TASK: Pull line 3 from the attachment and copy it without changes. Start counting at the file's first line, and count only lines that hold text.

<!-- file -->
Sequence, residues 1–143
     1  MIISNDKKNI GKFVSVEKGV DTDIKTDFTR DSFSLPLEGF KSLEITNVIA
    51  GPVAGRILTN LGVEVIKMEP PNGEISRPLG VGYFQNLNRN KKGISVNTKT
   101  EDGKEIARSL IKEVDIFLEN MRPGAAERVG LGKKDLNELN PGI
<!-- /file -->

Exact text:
    51  GPVAGRILTN LGVEVIKMEP PNGEISRPLG VGYFQNLNRN KKGISVNTKT